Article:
Biofuel producers warn EU over "unjustifiably complex" sustainability rules
Developing countries warn EU that any restrictions on biofuel imports designed to improve sustainability could lead to a complaint to the World Trade Organisation
Tom Young, BusinessGreen, 07 Nov 2008
Eight developing countries have written to the EU warning they will complain to the World Trade Organisation (WTO) if it passes proposed legislation designed to improve the environmental sustainability of biofuels by restricting the types of fuels the bloc imports.
The EU is considering legislation that is intended to ban the purchase of biofuels from energy crop plantations that are believed to harm the environment and lead to food shortages by displacing land used for food crops and contributing to rainforest deforestation.
Environmentalists have largely welcomed the proposals, which would ensure that only plantations that have been independently certified as meeting various environmental criteria would be able to sell resulting biofuels into the UK.
However, several developing countries that regard biofuels as a potential driver for economic growth are believed to be opposed to the measures, which they regard as unnecessarily restrictive.
Now, according to Reuter's reports eight countries – Argentina, Brazil, Colombia, Malawi, Mozambique, Sierra Leone, Indonesia and Malaysia – have written to the EU to protest against the proposals.
The letter, a copy of which has been seen by the news agency, claims that the new rules would "impose unjustifiably complex requirements on producers" and argues that environmental criteria "relating to land-use change will impinge disproportionately on developing countries".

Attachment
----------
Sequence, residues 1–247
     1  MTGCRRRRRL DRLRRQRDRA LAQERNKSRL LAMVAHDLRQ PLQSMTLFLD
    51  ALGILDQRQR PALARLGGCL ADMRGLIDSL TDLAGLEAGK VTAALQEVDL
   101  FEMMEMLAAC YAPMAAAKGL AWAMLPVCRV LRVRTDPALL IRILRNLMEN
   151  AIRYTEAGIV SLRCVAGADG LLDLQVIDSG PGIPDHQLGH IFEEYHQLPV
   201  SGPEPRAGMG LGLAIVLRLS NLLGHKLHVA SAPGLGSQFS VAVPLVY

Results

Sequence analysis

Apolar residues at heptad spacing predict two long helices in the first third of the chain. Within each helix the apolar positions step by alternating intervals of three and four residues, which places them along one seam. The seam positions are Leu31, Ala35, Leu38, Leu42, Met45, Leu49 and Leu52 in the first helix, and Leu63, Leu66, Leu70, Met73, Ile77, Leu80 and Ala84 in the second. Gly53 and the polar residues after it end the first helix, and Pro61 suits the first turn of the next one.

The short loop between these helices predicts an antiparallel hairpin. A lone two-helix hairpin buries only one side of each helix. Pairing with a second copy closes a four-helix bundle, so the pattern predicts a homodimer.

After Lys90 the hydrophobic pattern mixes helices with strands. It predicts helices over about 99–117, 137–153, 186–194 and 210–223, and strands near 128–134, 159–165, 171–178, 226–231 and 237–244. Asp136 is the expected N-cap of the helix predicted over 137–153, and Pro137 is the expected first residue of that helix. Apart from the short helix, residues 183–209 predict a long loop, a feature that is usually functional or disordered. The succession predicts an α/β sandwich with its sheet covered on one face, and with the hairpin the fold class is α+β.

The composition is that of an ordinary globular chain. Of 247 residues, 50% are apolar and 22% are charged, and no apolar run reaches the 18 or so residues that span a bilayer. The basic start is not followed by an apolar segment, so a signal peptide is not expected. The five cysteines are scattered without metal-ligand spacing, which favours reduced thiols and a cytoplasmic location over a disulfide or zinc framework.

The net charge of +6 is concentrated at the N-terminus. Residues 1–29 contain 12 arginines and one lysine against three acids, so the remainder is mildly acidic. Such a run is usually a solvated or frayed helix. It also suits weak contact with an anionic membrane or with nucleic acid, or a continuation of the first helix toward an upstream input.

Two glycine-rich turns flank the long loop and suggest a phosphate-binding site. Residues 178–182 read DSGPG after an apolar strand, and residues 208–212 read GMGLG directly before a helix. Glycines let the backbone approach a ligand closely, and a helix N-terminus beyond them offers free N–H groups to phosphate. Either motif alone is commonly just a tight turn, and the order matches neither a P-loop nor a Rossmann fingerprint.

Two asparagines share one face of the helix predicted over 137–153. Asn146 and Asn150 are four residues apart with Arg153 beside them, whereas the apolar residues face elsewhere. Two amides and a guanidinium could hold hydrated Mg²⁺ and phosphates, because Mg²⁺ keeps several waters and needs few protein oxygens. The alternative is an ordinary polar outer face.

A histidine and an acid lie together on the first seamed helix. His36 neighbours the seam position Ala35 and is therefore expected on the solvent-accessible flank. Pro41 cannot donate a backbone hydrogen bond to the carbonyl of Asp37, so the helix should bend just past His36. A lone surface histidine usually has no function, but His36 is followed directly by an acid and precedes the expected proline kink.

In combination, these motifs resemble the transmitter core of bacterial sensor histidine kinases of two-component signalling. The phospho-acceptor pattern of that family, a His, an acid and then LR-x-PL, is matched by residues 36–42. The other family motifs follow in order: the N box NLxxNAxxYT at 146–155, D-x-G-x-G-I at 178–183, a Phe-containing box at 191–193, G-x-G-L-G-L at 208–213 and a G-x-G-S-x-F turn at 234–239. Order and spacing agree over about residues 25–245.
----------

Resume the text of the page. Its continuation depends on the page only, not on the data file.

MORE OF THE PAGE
It adds that "some of our countries don't exclude the possibility of defending their rights in the World Trade Organisation, as a last resort".
Under current EU proposals, member states would have to ensure that 10 per cent of all road transport fuel comes from renewable sources by 2020.
The target was expected to create a huge market for energy crop producers in the developing world and countries such as Indonesia and Brazil have invested heavily in developing biofuel plantations such as sugar cane, soya and palm oil.
However, a series of reports have claimed that many of these plantations are contributing to food shortages and, in cases where rainforest is cleared to make way for energy crops, are resulting in biofuels that boast higher carbon footprints than fossil fuels.
If a complaint were made to the World Trade Organisation, the body would not have the power to overturn EU legislation but it could call on the bloc to relax any restrictions in the interests of global trade. Developing economies could also respond to the EU measures with protectionist trade policies of their own.